Or when I film with my phone camera, I use this smartphone adapter (affiliate). I set up my phone with the adapter like this.
And I can record myself or my tutorials by myself 🙂
If your footage looks dark, you need more lighting. And likely, you need more lighting than you think you need.
If you are filming indoors, the best lighting is daylight. Not the direct sunlight, but indirect sunlight. Just by standing by the window, you get most of the lighting you need.
If you are shooting in a dark studio, you may have to bring in extra lighting. First, turn on all the lights you have. Even a desk lamp or a floor lamp is helpful. Mirrors and white reflective walls help too.
This one comes with a stand, a light bulb and a white umbrella. The set has 2 of tall stands and 1 smaller one without an umbrella. You can place these lights wherever you want, and you can get strong light on you or flip it for softer light.
If you are shooting footage outside, the best time to do it on a sunny day is at sunrise or sunset. During the day, the sun will be too bright. Or you can film on a cloudy day. 🙂
Your on-camera personality
If you’re demonstrating your teaching style in your video, your on-camera personality is very important. Even if you are being your normal self, you’ll appear a bit tired or not enthusiastic on camera. 🙁
It may feel weird talking to the camera at first, but remember there are people watching you on the other side.
So up your energy, smile and present yourself at your 120% 🙂
Video editing software
If you’re comfortable publishing your raw footage as is, you can go ahead and do that. But chances are, you’ll want to at least to cut out awkward silence, or re-takes, or maybe you want to add a little music.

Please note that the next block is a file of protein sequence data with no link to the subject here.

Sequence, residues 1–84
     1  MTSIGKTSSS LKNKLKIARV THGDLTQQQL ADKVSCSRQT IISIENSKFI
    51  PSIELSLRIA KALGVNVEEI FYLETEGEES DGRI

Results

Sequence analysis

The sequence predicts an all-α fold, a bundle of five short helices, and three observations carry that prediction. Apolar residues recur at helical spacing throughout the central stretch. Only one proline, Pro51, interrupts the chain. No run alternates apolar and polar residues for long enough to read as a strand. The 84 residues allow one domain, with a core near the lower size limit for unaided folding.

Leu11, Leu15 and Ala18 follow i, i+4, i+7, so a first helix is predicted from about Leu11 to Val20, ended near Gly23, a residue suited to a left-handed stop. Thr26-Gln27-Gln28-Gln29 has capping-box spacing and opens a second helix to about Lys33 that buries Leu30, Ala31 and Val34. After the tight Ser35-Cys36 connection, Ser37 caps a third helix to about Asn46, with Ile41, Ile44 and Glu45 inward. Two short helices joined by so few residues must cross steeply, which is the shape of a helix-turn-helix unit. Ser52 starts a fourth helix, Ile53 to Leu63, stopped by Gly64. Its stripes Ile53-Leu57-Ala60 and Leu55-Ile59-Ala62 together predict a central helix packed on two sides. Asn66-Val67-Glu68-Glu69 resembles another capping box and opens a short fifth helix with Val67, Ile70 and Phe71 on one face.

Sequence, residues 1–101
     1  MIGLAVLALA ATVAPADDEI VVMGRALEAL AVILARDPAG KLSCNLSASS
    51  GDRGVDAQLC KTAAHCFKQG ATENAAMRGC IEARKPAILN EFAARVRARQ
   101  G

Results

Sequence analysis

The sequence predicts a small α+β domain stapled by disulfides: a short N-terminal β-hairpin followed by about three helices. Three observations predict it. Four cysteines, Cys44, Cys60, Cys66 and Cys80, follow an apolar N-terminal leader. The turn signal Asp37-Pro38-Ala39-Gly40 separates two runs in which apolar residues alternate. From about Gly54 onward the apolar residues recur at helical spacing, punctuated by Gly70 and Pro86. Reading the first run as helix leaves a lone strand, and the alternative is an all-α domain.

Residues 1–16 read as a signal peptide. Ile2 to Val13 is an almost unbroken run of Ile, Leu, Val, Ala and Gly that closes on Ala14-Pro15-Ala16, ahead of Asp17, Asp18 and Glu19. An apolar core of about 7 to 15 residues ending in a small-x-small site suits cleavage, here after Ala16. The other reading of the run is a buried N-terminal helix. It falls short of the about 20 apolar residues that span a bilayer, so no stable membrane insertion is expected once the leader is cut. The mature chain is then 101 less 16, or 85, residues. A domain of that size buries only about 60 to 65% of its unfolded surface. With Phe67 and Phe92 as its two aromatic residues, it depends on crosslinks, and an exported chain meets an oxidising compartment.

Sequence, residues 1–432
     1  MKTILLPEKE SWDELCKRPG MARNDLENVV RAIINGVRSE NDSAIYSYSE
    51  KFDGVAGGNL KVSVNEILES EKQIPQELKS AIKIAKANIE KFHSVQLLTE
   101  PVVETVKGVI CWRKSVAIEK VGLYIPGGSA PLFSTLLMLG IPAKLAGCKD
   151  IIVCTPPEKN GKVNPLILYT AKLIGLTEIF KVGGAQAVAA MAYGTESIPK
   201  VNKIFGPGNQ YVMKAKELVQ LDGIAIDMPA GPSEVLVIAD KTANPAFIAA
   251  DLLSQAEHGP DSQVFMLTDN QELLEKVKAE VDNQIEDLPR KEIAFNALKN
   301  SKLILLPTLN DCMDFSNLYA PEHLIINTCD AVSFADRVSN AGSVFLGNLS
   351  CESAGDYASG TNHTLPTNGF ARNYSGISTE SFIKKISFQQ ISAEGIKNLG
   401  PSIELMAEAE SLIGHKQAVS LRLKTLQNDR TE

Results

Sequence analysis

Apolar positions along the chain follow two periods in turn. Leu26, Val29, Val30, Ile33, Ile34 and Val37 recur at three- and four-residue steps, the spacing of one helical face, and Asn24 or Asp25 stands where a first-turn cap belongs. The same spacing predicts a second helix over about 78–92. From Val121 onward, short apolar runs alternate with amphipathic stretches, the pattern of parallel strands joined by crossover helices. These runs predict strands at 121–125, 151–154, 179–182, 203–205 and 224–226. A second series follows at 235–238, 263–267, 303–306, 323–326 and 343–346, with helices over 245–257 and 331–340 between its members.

Again, luckily today we have access to free video editing software.
I’ve used both, and they are both great for simple video editing like cutting some parts out or adding music or even adding a little transition effects.
Both Shotcut and iMovie are easy to use, and you can find lots of tutorials online.
If you’re thinking to step up your game, I’m using Adobe Premiere Pro, and I highly recommend it. There’s a bit of a learning curve at the beginning, but once you understand their language, it’s pretty easy to use and it’s a very powerful tool. 😀
Sharing (is caring!)
Now finally, once you publish your video on YouTube, Vimeo or Facebook, remember to share it. Many people post their videos on YouTube and wait for people to come and watch… which doesn’t work usually. You spent a lot of time creating your videos, so you have to promote it so lots of people can enjoy what you created!
And focusing on entertaining many people is important here. It’s scary to share your videos at first, because some people may not like your videos or say mean stuff. But remember, there are lots of people out there who will enjoy your videos so much.
So email the video to your friends and students, share it on other social media like Facebook and Instagram. Don’t be afraid to get their feedback. People will tell you what they like, and you’ll figure out your strengths and know what kind of videos to create in the future.
Hope this guide was helpful, and you’ll be inspired to create more videos! And next week I’ll share with you tips on protecting your choreography online. Sign up for Sparkly Belly newsletter below, so you won’t miss it!
Thanks for reading, and keep sparkling! 😉
P.S. Add this pin to your resource board 😉